Around 1 in 5 people diagnosed with cancer in the UK take part in a clinical trial.
A study looking at whether a type of protein in your body can affect your response to chemotherapy and radiotherapy (PAGE)
We know that this is an especially worrying time for people with cancer and their family and friends. We have separate information about coronavirus and cancer. Please read that information alongside this page. We will update that information as guidance changes.
This study was to see if there was a link between the body’s ability to repair its damaged cells, and how it responded to chemotherapy and radiotherapy. A cell becomes cancerous when the genetic instructions (DNA) inside its control centre (
Radiotherapy, and some chemotherapy, works by damaging DNA so that the cell can’t divide anymore. But these treatments can also damage DNA in healthy cells. This is why people may have side effects such as hair loss with chemotherapy, or sore skin with radiotherapy.
Some cells use a protein (‘enzyme’) called ‘PARP 1’ to help repair their damaged DNA. This may mean that the cell can survive anti cancer therapy. It may also affect the side effects people have, or how well treatment works. People have different levels of the PARP 1 enzyme. Researchers looked at the level of PARP 1 before the start of treatment. They also looked at blood and tissue samples. They linked the level of enzyme found to information about people’s treatment and any side effects they may have had.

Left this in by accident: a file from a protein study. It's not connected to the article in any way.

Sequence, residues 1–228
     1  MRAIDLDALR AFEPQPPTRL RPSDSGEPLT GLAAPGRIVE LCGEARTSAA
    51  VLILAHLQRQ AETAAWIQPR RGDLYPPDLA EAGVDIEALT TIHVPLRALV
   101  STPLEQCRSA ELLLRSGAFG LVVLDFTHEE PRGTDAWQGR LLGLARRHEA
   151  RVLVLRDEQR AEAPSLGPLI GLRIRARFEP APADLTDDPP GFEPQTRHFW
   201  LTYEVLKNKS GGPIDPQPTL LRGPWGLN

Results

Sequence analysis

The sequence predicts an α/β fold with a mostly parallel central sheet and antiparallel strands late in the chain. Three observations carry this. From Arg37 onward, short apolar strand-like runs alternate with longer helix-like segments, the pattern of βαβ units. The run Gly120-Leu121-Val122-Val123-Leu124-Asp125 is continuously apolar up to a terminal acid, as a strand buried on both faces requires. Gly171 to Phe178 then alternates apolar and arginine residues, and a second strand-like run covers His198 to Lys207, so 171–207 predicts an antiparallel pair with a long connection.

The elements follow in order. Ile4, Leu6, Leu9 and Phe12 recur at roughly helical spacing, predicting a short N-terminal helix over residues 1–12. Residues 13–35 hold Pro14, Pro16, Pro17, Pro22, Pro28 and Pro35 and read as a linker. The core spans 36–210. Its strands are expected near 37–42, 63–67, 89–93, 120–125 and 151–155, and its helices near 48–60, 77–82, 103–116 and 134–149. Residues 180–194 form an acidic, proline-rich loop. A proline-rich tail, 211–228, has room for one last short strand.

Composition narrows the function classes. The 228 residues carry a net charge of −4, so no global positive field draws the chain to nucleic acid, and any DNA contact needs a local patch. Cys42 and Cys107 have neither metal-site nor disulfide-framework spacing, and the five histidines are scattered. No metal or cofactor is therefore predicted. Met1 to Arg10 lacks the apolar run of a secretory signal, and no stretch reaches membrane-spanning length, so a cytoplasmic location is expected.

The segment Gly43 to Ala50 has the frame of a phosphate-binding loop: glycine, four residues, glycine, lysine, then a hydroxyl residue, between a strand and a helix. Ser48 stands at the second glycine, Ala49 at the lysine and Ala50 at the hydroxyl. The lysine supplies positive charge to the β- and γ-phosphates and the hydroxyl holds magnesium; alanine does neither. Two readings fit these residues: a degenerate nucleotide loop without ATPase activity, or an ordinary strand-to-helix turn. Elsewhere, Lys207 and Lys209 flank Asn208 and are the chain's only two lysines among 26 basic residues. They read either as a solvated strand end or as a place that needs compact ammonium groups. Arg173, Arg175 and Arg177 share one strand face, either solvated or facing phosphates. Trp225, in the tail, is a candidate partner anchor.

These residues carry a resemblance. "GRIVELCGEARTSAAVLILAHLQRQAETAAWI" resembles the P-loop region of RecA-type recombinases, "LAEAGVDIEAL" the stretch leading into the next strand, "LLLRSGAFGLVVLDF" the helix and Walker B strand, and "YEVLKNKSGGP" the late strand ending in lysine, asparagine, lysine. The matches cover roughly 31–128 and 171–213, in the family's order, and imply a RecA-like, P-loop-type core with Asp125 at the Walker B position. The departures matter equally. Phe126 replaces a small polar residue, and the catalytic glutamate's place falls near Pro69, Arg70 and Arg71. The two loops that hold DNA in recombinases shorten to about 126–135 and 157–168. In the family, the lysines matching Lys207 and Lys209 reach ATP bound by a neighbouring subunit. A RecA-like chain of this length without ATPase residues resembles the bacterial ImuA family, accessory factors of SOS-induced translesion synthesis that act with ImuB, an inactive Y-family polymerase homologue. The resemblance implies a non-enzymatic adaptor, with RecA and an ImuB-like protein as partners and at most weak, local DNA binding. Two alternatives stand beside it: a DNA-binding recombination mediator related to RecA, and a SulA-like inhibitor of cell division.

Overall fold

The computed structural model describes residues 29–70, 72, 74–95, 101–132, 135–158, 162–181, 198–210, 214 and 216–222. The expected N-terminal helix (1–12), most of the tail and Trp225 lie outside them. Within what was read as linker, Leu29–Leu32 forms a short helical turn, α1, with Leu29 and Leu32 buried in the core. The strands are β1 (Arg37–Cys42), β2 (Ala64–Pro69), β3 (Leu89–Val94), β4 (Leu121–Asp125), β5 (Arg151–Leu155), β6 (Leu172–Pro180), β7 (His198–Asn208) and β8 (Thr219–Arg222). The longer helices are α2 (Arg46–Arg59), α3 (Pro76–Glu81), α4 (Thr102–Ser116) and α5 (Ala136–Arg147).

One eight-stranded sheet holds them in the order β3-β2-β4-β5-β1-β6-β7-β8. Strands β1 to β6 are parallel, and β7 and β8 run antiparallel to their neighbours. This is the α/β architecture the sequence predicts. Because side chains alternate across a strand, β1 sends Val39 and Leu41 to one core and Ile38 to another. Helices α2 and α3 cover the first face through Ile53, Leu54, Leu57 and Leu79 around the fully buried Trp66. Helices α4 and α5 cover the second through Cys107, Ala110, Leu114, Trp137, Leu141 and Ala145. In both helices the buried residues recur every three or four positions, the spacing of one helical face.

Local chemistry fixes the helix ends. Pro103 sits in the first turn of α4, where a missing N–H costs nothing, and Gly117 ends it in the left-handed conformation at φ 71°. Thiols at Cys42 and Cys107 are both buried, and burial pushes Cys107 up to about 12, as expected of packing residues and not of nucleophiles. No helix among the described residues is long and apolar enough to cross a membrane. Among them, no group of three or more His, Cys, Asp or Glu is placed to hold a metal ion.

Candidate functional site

The aim of this study was to see if there was a link between PARP 1 levels, chemotherapy and radiotherapy side effects.
Summary of results
The study team found that the level of the PARP 1 enzyme did not affect side effects of treatment.
This study recruited 56 healthy volunteers and 118 people with cancer. The researchers took a blood sample from each person.
They looked at the level of PARP 1 in each sample. They also looked at the side effects of treatment.
The study team concluded that there was no link between the level of the PARP 1 enzyme and the side effects of treatment.
We have based this summary on information from the team who ran the trial. The information they sent us has been reviewed by independent specialists (
How to join a clinical trial
Dr Ruth Plummer
Association for International Cancer Research (AICR)
Experimental Cancer Medicine Centre (ECMC)
Northern Institute for Cancer Research